For 16 words that remain completely unchanged from their adoption some 215 years ago, the Supreme Court's interpretation of the Religion Clauses of the First Amendment of the United States Constitution have shown remarkable malleability. Arguably, the court's interpretation of these Clauses has changed more often, and more dramatically, than of any other provision of the Constitution. The question I wish to explore is why. To address this question, we must put aside the standard interpretive perspective on constitutional law – the perspective that asks how constitutional provisions should be interpreted, in light of text, original meaning, history, or precedent. Those considerations do not change, at least not rapidly or radically. Instead we must ask how changes in cultural and social conditions have affected the jurisprudence of religion and state.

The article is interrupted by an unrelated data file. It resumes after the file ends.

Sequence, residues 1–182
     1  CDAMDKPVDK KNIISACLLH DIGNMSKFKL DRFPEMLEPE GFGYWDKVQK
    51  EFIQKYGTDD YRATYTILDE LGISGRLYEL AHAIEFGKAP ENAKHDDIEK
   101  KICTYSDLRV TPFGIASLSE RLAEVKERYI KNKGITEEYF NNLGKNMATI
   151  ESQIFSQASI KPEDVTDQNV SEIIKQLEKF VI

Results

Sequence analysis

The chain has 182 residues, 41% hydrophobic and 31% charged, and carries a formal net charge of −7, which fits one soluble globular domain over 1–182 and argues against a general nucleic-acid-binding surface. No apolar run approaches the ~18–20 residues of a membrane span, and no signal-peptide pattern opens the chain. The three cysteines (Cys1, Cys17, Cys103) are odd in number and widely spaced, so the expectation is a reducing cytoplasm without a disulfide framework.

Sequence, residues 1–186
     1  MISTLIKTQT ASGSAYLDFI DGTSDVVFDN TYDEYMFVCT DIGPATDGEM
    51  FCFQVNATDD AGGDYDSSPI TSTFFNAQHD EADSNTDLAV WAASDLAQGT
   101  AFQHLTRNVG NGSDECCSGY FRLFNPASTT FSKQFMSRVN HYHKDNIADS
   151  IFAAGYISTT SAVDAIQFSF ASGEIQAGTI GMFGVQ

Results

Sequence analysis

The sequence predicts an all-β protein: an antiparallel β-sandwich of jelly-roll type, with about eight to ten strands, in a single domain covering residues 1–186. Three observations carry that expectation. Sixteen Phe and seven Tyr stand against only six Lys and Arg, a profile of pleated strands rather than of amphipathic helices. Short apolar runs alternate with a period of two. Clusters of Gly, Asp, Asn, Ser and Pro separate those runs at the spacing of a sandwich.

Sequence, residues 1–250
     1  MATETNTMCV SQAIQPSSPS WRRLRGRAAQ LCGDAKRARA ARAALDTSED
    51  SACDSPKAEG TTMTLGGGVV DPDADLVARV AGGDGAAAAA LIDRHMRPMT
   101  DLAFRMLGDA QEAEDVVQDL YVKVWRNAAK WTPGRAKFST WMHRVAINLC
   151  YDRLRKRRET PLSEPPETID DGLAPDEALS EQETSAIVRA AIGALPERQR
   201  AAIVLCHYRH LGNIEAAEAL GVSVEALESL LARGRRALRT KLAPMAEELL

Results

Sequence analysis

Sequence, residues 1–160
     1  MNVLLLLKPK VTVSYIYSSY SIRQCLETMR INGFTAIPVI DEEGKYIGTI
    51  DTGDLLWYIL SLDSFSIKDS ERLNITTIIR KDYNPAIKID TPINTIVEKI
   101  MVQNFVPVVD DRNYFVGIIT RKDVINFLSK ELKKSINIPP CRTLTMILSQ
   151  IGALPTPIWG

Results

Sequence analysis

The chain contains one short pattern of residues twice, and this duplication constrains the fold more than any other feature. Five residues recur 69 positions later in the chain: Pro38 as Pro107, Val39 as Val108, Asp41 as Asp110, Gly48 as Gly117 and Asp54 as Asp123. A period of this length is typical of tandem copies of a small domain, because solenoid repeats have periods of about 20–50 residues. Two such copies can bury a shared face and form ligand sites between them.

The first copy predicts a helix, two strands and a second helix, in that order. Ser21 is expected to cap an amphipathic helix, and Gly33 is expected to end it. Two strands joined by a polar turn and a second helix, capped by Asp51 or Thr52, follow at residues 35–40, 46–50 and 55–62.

The First Amendment's Religion Clause consists of two parts. One, the Free Exercise Clause, prevents the government from prohibiting or punishing the profession and practice of any religion. Its counterpart is the Establishment Clause, which prevents the government, at a minimum, from designating any particular religion, articles of faith, or mode of worship as preferred or orthodox, and from compelling any person to participate in or support religious worship. Beyond these clear indications, there has been nearly continual controversy in the United States regarding such issues as: does the Free Exercise Clause protect religiously motivated conduct, such as the practice of polygamy or the refusal of priests to divulge the secrets of the confessional, from neutral and generally applicable laws?